Interviews June 4, 2021
Interview: Eric Nelson Efa, President of Azania Way Culture

Eric Nelson Efa is president of Azania Way Culture, devoted to making recordings of traditional Cameroonian musicians across the country. He sat down with Georges Collinet to discuss recording equipment, challenges and the blessed hospitality of those he records. For more on Eric's work, check out this week's program "Encounter with the Ancestors."

Afropop Worldwide’s Georges Collinet: Eric, what equipment do you use to record all these musicians?

Eric: We use small equipment, a digital recorder, microphones, a computer and a little camera. We unfortunately do not have high-end recorders, but what we have is working O.K. So that’s what we use as we travel around Cameroon. It’s not always easy but we are happy to do it because we love our music and what we are doing: save our culture that we are losing.

How do you get to these remote places?

We do not have any means of traveling so we use public transportation to go around our country. Sometimes we have to go to far-away zones that even cars cannot get to. So we hire motorcycles to get there. Roads are often in very poor shape, particularly during the rainy season. And sometimes we have to go into the equatorial forest where there are lots of dangerous animals. I particularly worry about snakes. There is also the climate that can be terrible. In some places. In the far north for example, the heat is terrible. In the south it’s different, we have to go through enormous rainfall.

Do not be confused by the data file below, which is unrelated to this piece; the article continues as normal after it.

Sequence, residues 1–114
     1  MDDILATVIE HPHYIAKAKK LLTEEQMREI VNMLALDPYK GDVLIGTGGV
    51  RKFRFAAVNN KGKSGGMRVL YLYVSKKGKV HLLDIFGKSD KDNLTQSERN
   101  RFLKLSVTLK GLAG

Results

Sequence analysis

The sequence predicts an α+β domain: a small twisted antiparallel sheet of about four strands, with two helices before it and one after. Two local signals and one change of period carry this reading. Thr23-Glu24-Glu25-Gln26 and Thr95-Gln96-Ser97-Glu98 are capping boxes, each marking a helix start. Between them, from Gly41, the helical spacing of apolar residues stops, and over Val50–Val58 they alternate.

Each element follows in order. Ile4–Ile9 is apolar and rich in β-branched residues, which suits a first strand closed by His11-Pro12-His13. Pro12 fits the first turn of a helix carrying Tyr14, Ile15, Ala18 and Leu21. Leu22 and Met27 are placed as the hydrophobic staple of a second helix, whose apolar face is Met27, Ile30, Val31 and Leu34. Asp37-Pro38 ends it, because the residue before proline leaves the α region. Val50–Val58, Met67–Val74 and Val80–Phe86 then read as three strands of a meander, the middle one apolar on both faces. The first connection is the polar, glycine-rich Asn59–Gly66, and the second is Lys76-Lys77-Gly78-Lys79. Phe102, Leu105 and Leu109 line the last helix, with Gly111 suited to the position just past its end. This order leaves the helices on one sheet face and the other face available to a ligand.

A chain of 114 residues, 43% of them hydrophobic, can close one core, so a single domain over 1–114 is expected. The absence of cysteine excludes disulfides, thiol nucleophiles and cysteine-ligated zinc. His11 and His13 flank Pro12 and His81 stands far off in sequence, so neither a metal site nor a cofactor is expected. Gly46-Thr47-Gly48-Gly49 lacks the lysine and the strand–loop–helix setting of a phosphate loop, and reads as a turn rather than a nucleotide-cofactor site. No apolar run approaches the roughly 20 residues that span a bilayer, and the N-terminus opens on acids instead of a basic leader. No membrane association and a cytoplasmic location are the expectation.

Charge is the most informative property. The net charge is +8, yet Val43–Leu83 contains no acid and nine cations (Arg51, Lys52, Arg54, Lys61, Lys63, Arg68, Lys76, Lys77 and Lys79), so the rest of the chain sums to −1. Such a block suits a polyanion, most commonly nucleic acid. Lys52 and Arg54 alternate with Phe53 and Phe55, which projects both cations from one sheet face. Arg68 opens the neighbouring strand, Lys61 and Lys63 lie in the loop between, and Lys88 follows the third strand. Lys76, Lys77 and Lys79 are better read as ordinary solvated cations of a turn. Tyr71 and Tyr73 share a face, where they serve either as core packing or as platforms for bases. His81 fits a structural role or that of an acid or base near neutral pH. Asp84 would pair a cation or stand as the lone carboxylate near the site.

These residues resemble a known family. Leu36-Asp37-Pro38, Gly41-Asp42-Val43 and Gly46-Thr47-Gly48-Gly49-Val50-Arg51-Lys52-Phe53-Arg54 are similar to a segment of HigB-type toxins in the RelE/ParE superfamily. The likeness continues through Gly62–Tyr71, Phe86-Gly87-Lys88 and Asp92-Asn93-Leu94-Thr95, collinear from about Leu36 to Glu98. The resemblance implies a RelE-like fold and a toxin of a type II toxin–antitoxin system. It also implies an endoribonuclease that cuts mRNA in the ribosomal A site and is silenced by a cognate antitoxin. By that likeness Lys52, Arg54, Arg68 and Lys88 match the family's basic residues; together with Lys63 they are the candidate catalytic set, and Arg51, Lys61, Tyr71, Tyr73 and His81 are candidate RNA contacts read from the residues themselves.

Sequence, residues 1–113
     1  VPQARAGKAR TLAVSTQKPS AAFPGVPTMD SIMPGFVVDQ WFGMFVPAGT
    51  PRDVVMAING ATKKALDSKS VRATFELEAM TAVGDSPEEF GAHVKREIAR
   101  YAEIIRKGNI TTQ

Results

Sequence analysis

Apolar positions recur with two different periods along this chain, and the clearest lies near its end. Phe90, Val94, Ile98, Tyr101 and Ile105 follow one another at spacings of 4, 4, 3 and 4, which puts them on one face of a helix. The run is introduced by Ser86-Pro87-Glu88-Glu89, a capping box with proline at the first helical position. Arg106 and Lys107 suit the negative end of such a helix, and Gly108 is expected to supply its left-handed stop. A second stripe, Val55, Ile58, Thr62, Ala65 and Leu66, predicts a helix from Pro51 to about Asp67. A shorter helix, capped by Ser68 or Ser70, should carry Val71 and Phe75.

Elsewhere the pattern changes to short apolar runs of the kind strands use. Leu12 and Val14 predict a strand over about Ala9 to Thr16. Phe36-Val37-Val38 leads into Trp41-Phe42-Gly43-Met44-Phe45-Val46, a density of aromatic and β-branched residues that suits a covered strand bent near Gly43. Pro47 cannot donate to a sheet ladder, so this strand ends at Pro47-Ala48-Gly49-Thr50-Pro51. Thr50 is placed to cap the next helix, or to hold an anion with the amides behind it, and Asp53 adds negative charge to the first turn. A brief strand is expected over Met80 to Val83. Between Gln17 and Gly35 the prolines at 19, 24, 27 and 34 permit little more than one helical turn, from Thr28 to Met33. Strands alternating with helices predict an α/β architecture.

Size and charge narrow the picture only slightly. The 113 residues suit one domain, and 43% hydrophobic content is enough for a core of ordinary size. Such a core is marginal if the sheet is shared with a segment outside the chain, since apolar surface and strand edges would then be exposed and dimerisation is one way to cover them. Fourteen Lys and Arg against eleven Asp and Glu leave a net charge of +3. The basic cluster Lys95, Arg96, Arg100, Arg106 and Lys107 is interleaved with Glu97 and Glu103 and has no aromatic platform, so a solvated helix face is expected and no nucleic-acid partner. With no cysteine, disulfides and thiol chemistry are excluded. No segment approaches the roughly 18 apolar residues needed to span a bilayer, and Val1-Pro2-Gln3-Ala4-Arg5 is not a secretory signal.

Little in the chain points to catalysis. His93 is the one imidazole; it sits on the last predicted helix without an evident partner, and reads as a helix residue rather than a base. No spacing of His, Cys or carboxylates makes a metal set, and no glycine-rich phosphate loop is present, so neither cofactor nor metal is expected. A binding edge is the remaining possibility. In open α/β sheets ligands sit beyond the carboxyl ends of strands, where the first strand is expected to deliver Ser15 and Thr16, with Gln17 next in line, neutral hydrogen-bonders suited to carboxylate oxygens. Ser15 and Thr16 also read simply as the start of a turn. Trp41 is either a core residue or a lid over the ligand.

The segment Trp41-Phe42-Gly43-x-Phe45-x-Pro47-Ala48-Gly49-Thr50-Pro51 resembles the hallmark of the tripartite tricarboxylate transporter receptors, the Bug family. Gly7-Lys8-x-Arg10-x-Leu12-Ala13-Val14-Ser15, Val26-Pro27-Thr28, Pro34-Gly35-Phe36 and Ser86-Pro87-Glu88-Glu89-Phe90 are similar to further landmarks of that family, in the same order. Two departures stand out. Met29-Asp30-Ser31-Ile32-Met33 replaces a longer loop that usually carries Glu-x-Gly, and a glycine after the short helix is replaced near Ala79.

It’s also dangerous!

Given the political instability in some regions, we cannot record there. However, we did it in 2013. We went in the deep north of the country, despite the multiple attacks by Boko Haram. We stayed there for weeks to finish our recordings. Thank God everything went on very well and no one was kidnapped.

Traditional dress on display in Maroua. Photo by: Georges Collinet
Traditional dress on display in Maroua. Photo by: Georges Collinet

How are people reacting when they see you, coming or somewhere out there, loaded with strange equipment?